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Six-Card Trick

Date: 10/25/2000 at 05:39:06
From: Richard Marsh
Subject: Logic problem

I can't figure this one out.

There are three participants: a Host, a Partner, and a Volunteer. The 
Partner is in a soundproof room.

The Host gives the Volunteer six blank cards, five white and one blue. 
The Volunteer writes a different integer from 1 to 125 on each card as 
the Host watches. The Volunteer keeps the blue card and gives the 
others to the Host.

The Host arranges the five white cards in some order and passes them 
to the Partner. The Partner then announces the number on the blue 
card. How?

No tricks with turning cards around to give extra information, just 5 
numbers in a certain order.


Date: 10/25/2000 at 10:55:00
From: Doctor Rick
Subject: Re: Logic problem

Hi, Richard.

Let's see if I understand the problem. The Volunteer isn't in on the 
stunt, right? He just picks six random numbers; he may even try to 
make it harder for the Host and Partner. The Host uses some means to 
signal the number to the Partner, who knows the code the Host is 
using. Is this correct?

The numbers on the white cards are all different, so whatever they 
are, it's equivalent to putting the numbers 1 to 5 in some order (just 
call the third lowest numbered card "3", etc.) How many ways can the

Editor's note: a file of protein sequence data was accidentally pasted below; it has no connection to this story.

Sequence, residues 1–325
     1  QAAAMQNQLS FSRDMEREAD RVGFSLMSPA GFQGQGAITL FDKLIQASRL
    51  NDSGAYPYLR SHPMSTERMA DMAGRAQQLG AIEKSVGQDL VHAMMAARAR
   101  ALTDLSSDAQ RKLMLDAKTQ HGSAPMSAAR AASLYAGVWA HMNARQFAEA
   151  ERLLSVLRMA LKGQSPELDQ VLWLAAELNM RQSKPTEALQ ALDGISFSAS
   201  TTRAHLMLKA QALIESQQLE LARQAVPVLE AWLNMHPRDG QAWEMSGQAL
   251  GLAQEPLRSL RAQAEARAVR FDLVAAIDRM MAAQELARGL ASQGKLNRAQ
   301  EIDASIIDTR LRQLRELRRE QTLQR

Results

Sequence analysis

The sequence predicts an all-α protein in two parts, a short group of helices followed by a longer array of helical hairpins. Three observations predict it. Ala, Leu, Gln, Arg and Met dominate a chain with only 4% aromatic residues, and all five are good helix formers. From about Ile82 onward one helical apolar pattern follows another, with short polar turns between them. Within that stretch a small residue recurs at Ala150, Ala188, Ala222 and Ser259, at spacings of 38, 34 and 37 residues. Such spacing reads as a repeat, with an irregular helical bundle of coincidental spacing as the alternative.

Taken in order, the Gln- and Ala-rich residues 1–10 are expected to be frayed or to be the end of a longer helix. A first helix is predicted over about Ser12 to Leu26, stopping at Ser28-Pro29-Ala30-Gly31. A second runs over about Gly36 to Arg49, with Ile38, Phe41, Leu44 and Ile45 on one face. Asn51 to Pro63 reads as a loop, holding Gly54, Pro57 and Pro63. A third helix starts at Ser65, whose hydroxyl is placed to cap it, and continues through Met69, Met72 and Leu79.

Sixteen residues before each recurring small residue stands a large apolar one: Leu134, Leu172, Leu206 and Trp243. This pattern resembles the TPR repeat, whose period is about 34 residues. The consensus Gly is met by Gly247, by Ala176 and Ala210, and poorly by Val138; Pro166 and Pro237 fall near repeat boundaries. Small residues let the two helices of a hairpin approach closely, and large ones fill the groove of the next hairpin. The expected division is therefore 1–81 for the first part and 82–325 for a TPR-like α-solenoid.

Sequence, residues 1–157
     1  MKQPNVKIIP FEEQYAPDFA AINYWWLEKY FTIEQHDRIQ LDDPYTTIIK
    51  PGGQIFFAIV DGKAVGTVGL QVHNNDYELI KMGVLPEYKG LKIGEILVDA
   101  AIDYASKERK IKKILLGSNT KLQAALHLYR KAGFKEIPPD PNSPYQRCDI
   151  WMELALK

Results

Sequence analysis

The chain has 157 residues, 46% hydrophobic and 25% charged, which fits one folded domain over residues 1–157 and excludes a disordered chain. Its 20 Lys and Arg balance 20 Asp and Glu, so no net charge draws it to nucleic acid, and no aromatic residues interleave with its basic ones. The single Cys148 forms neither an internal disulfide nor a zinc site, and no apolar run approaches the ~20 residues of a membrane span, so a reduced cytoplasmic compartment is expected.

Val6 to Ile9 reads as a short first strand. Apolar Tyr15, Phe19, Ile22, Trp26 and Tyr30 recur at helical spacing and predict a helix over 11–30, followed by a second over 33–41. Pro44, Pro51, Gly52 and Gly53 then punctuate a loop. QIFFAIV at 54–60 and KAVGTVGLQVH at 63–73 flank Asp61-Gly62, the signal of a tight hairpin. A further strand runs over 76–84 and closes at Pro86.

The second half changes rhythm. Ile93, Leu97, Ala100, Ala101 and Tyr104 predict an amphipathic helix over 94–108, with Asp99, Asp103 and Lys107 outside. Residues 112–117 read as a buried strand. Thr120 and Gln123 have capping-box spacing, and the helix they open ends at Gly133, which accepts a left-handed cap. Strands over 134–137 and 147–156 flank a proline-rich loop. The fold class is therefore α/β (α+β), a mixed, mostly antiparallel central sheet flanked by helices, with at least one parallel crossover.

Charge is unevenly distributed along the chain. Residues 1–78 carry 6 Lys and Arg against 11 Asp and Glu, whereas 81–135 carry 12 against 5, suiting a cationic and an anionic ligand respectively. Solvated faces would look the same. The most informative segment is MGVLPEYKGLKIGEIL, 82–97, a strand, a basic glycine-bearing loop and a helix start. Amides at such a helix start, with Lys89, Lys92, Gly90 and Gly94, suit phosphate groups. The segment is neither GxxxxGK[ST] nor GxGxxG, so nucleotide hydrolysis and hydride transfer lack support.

cards be ordered? There are 5! = 5*4*3*2 = 120 permutations. 

If you don't know what I mean, see "Permutations and Combinations" in 
our Dr. Math FAQ:   

That's just enough, because the Partner knows not only that 
the number is between 1 and 125, but that it is not one of the five 
numbers he is given.

I'll leave it to you to come up with a particular code if you're 
interested. What I've said is enough to prove that the trick can be 
done in principle. It might be a challenge to develop a code that's 
easy to use in your head.

You've also raised an interesting question: how many numbers could be 
coded if he communicates additional information by turning some cards 
around? This doesn't sound so hard, if there is a definite top and 
bottom to each card. However, if the cards are completely blank to 
start, and the Volunteer chooses numbers like 81, 96, etc. (numbers 
that could be read from either side), the Partner won't know whether 
they are right side up or upside down. In this case, the Volunteer 
might be able to thwart the communication by choosing such numbers.

- Doctor Rick, The Math Forum   
Associated Topics:
High School Puzzles

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